In mid-July, we held our total department meeting. Each full-time person would speak to his responsibilities within the Planning Document. By doing this, our part-time people had the opportunity to read the document prior to the meeting and then listen to it come alive as the full-time people presented their portion of the document.

When our full-time personnel finished their presentations, we opened the meeting to our part-time people for their input. They always offered points we had missed and subsequently could add to our planning. This format enabled us to have all our people on the same page to face the upcoming year. 

At mid-term we would meet with our full-time people and get a progress report on each person’s goals. We would get final reports at our year-end meeting as well. We would then review the goals and begin the planning cycle for the next year.

This format allowed us to not have meetings for meetings sake. We met when we had to plan for important events or when problems arose. These meetings were both organized and necessary. At all other times we were in our offices working.

Final Thoughts

From our experience, I would recommend four thoughts for your consideration:

  • I would encourage you to meet with your principal people and write an annual Planning Document.
  • I would encourage you to share the Planning Document with all of your people.
  • I would encourage you to have your principal people write their goals in concert with your Priority Items.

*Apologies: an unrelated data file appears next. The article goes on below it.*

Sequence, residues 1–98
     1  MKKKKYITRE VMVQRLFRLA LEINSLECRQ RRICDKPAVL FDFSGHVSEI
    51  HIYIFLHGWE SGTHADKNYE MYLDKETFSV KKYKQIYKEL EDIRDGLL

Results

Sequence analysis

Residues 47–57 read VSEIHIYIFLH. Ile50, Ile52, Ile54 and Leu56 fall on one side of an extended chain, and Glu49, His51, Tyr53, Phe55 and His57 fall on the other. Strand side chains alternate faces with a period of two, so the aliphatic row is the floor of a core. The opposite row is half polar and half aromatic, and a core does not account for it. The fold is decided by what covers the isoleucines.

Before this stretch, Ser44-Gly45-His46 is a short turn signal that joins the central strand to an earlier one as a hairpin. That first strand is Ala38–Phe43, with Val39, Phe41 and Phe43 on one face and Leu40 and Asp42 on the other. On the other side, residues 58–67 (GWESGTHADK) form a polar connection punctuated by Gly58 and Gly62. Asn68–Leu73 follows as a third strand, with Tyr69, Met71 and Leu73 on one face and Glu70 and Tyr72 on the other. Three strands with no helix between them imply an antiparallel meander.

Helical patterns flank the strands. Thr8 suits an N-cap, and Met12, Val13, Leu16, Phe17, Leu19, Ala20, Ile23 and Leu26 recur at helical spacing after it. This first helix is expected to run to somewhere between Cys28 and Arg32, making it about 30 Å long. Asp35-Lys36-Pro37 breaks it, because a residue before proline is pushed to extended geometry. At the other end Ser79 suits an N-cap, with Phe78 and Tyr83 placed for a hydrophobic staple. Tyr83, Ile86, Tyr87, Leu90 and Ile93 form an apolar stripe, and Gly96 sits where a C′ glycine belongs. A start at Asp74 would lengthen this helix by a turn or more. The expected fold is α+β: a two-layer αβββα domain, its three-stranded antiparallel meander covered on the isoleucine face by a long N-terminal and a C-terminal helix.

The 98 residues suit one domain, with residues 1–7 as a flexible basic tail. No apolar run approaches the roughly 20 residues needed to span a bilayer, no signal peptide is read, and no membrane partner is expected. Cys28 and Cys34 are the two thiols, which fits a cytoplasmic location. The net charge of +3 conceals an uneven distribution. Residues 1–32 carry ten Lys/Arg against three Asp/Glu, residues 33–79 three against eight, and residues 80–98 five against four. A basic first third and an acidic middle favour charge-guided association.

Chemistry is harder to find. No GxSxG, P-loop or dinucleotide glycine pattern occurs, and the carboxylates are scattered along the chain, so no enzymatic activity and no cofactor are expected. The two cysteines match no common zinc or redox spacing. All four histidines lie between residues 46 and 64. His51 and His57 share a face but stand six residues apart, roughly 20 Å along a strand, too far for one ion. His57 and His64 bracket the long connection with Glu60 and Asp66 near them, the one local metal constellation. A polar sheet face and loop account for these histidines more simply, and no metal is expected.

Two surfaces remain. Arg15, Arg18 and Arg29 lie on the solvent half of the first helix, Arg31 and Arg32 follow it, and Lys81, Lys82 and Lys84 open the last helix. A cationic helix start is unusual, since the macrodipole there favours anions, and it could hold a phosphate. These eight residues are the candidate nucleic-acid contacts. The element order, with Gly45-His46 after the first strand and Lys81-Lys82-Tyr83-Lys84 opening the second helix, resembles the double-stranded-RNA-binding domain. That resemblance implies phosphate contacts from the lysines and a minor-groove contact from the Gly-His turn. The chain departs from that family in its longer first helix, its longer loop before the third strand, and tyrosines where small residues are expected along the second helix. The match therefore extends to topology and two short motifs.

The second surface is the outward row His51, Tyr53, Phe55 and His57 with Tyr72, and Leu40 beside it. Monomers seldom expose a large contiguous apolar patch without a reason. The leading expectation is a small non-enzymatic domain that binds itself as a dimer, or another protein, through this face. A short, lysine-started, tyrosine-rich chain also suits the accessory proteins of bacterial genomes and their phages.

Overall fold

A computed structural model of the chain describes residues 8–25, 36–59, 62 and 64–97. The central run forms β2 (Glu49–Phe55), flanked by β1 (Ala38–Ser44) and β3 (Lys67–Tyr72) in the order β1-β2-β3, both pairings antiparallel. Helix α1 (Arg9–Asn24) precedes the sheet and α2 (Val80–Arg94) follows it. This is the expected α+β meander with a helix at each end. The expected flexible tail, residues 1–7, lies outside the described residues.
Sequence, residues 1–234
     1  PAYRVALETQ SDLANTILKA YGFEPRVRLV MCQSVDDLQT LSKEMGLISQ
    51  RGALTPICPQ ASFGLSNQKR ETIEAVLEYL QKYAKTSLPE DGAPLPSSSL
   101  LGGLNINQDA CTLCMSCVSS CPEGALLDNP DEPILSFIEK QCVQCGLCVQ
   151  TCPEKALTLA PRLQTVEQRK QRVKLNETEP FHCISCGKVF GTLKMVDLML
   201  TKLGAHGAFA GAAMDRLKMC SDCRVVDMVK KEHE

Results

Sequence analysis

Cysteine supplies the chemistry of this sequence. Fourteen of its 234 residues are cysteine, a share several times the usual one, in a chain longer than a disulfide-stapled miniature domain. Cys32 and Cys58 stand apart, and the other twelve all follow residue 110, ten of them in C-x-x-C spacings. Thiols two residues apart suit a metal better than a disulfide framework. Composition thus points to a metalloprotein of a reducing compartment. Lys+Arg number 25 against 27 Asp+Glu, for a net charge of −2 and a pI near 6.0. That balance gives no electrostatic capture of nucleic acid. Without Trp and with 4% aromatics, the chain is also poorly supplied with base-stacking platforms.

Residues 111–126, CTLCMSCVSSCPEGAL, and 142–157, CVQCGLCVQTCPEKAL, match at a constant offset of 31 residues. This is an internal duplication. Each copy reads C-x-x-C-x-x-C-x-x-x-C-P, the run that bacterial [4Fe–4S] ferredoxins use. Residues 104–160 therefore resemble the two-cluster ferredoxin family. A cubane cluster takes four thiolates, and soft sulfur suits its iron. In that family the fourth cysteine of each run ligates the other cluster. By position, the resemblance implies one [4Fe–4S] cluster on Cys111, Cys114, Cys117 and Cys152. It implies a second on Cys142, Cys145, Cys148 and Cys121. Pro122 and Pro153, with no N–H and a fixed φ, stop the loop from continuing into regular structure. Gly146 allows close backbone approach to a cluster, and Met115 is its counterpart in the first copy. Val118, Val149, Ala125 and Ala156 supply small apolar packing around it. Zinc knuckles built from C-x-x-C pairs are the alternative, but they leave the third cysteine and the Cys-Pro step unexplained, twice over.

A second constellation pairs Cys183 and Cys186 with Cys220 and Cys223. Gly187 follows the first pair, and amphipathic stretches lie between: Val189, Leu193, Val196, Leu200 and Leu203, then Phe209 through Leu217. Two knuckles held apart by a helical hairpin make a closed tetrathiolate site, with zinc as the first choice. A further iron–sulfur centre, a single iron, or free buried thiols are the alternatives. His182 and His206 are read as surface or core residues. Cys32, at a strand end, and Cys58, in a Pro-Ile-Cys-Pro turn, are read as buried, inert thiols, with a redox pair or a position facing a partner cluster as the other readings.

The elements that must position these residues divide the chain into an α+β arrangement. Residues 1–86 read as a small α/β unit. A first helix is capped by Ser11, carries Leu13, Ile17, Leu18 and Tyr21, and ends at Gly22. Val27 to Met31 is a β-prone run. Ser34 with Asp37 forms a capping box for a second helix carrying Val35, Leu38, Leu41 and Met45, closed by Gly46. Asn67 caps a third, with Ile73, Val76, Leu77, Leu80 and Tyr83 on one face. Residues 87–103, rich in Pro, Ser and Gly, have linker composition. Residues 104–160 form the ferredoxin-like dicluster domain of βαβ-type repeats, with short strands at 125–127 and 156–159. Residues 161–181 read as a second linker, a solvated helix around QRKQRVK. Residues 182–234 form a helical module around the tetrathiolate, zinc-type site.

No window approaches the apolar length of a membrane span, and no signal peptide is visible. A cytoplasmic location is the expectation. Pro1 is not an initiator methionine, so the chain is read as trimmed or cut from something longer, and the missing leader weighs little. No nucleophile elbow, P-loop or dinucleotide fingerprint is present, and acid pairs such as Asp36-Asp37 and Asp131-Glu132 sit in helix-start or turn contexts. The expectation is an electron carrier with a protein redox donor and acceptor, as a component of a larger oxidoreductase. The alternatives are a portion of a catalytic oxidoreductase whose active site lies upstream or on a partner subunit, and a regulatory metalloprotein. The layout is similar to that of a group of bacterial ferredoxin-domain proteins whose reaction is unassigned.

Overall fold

• Although you will not accomplish all your goals each year, I believe you will be surprised at ALL you do achieve due to this format.

I hope you find that some of our planning details can be integrated into your planning.

Pat Sullivan was a successful coach, teacher, and administrator in the Chicago area for 44 years – 10 years at the high school level and 34 at the collegiate level. His basketball teams won 602 games; he was named Coach-of-the-Year 11 times; and he has been inducted into 8 Halls of Fame. He has received Lifetime Achievement awards from Lewis University, the Joliet, Illinois, Chamber of Commerce, and the Illinois Basketball Coaches Association. Pat has offered basketball clinics and camps in Austria, Ireland, Belgium, and Greece and has spoken at clinics throughout America for the USA Coaches Clinics. He has also spoken to business executives from IBM, Accenture, and Sun Microsystems, as well as the University of Notre Dame’s Play Like A Champion conference. He is the author of Attitude-The Cornerstone of Leadership and Team-Building: From the Bench to the Boardroom.

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20 Ways You Can Become a Powerful Communicator



Emile Steenveld Speaker and Coach

Some people seem to naturally know how to effectively communicate in a group setting. They can express themselves clearly and listen attentively without dominating the conversation.